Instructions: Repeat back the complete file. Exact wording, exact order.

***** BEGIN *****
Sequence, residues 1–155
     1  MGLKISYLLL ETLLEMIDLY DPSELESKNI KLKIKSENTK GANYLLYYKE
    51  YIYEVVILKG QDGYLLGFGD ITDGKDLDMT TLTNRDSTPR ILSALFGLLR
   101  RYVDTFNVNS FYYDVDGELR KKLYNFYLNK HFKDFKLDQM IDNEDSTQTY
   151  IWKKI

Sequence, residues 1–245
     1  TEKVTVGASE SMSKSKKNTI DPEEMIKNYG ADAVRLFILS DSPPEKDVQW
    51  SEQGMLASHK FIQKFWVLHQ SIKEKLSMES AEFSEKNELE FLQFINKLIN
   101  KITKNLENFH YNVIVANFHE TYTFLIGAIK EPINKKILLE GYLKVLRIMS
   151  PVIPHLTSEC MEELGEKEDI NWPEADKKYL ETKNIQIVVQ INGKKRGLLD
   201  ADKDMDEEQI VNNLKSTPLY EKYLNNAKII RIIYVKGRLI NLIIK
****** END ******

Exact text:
Sequence, residues 1–155
     1  MGLKISYLLL ETLLEMIDLY DPSELESKNI KLKIKSENTK GANYLLYYKE
    51  YIYEVVILKG QDGYLLGFGD ITDGKDLDMT TLTNRDSTPR ILSALFGLLR
   101  RYVDTFNVNS FYYDVDGELR KKLYNFYLNK HFKDFKLDQM IDNEDSTQTY
   151  IWKKI

Sequence, residues 1–245
     1  TEKVTVGASE SMSKSKKNTI DPEEMIKNYG ADAVRLFILS DSPPEKDVQW
    51  SEQGMLASHK FIQKFWVLHQ SIKEKLSMES AEFSEKNELE FLQFINKLIN
   101  KITKNLENFH YNVIVANFHE TYTFLIGAIK EPINKKILLE GYLKVLRIMS
   151  PVIPHLTSEC MEELGEKEDI NWPEADKKYL ETKNIQIVVQ INGKKRGLLD
   201  ADKDMDEEQI VNNLKSTPLY EKYLNNAKII RIIYVKGRLI NLIIK